In these modern times, false teachers take advantage of the lonely, the sick, the weak, and still go after widows much like the predatory Pharisees did. “Christian” leaders who capitalize on the least, last, and lost of our society for their own gain mirror the kind of bottom-feeding behavior that many Pharisees undertook.

  1. They Added to God’s Law

Pharisees enjoyed nothing more than adding their own powerless words, traditions, and methods to God’s basic commands. Where God had given enough instruction for the people’s good, the Pharisees added traditions and precepts that were established by their own ambition. Their agenda was centered on controlling people and making themselves look powerful. In Mark 7:6-9 Jesus calls out the Pharisees for their man-made system:

And He said to them, “Rightly did Isaiah prophecy of you hypocrites, as it is written: ‘This people honors Me with their lips, but their heart is far away from Me. But in vain do they worship Me, teaching as doctrines the precepts of men.’ Neglecting the commandment of God, you hold to the tradition of men.” He was also saying to them, “You are experts at setting aside the commandment of God in order to keep your tradition.”

Much like the Pharisees of yesterday, false teachers today add to God’s decrees with decrees of their own. They convince people that God has more to say, and He is using them to say it. These modern Pharisees toss aside what God has declared and in preference their own twisted version. As if the completed revelation breathed out by God Himself wasn’t enough (2 Timothy 3:16-17), they seek to elevate their own ideology as equal to God’s revealed word.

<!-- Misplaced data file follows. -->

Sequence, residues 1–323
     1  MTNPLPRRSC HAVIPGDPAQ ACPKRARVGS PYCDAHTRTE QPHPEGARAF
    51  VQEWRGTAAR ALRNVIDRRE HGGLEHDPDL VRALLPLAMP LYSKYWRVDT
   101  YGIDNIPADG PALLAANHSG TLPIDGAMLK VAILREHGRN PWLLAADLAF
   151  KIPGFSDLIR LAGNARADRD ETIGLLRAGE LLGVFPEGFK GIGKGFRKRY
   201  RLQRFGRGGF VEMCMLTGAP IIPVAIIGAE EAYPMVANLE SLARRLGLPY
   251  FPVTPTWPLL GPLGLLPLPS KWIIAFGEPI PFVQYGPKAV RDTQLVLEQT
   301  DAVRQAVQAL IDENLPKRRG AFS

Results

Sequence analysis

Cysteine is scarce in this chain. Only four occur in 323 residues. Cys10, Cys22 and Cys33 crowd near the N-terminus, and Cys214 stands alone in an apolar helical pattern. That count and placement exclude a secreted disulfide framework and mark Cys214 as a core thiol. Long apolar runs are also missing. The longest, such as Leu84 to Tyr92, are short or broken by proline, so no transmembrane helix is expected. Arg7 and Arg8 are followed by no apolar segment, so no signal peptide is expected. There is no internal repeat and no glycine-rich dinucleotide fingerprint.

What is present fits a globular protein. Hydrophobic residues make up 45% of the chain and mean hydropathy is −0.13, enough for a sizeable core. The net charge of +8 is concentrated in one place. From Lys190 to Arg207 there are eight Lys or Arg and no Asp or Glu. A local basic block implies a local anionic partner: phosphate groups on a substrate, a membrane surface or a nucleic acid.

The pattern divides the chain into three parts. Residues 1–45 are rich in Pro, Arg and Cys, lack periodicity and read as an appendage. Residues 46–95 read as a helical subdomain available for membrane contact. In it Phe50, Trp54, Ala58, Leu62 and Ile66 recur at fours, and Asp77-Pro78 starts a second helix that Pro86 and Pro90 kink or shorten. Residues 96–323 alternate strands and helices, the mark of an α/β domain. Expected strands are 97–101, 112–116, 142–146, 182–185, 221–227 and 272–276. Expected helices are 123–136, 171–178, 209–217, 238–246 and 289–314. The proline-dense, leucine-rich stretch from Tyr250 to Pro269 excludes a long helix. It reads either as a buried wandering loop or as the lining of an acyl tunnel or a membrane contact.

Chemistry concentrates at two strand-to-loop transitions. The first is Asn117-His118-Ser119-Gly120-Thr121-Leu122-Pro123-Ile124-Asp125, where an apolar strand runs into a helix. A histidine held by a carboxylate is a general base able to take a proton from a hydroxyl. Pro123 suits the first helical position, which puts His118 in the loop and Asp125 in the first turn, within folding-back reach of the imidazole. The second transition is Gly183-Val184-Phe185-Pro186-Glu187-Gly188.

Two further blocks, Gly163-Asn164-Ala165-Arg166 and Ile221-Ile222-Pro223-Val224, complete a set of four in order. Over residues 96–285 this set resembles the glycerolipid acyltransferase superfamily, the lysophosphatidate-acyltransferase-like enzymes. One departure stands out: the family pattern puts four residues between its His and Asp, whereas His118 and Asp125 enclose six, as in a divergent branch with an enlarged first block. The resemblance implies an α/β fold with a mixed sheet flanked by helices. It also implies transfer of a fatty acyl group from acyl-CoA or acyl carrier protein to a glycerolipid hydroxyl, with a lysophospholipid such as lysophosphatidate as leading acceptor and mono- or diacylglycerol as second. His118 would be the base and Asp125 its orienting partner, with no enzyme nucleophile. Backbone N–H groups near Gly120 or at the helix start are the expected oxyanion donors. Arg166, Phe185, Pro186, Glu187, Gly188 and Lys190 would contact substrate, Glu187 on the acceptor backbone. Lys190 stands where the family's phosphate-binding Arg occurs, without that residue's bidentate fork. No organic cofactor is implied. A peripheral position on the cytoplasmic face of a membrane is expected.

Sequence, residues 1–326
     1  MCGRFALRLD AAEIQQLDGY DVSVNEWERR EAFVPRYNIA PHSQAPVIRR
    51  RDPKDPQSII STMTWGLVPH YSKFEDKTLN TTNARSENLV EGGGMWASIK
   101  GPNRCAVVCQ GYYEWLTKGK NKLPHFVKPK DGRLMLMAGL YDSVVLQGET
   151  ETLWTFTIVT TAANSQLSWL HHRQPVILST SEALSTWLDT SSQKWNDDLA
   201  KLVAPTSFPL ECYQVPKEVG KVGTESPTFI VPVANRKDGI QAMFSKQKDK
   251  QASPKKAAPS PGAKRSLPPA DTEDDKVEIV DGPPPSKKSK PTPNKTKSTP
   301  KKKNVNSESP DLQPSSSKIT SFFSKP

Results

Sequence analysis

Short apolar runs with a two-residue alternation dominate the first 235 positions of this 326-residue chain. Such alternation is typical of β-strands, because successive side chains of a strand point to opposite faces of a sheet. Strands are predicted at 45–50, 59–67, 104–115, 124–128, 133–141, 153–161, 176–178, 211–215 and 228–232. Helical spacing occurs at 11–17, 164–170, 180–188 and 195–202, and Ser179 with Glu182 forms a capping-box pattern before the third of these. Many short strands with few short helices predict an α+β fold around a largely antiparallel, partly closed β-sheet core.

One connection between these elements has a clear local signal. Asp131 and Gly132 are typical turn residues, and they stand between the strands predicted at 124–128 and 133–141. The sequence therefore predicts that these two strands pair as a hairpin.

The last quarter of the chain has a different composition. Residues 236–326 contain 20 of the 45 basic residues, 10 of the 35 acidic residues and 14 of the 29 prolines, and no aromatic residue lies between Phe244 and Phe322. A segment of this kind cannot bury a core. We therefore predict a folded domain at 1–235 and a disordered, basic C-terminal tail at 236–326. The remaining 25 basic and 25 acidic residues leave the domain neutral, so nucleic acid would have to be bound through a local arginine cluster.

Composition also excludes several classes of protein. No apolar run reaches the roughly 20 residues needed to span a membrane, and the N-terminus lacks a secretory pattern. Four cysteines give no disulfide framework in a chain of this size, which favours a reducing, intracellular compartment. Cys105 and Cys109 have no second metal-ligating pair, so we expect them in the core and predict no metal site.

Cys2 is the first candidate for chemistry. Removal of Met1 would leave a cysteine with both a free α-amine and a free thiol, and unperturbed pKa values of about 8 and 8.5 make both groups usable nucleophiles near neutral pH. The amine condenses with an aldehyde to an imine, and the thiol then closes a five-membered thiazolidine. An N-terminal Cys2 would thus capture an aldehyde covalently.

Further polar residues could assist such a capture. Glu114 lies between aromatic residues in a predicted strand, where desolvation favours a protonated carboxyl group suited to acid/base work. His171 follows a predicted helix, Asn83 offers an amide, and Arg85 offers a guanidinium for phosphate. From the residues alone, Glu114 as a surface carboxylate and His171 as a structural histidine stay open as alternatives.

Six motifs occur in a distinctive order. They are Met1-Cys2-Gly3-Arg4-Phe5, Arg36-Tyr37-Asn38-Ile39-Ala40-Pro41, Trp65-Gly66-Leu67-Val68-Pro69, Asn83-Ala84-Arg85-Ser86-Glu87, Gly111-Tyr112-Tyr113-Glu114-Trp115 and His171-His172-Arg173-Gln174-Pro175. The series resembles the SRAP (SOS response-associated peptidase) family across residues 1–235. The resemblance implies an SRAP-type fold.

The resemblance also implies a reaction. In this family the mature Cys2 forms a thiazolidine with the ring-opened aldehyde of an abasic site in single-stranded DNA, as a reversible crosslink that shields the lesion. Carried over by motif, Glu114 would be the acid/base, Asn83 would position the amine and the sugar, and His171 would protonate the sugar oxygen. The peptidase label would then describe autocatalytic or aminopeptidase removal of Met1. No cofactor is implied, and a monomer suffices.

One famous mystic who has sold millions upon millions of books opens one of her best-sellers by saying, I knew that God communicated with me through the Bible, but I yearned for more.” This is common place today. Hoards of people yawn over expository preaching from the pages of Scripture, but mystical (possibly even demonic) counterfeits and prophetic conferences draw millions of people who are seeking a “new” word from the Lord. How much more time and money could be spent on spreading the gospel and lives saved from deception if people would accept that God already has spoken?

Reliability is in short supply in many loose theological circles that claim new prophetic words from God. Perhaps going back to the sufficiency of God’s already revealed will in the Scriptures and leaving it at that would solve the insufficiency of old pharisaic habits.

  1. They Added Unlawful Burdens to People

This one carries over from #3 on this list because the “extras” that the Pharisees added to God’s law were things they couldn’t even keep themselves. Hypocrites! For example,  where God set the Sabbath in order for man, the Pharisees created a laundry list of ridiculous additions to define “work” how they saw fit. At one point Jesus looks at an expert of the law and said, “Woe to you lawyers as well! For you weigh men down with burdens hard to bear, while you yourselves will not even touch the burdens with one of your fingers” (Luke 11:46).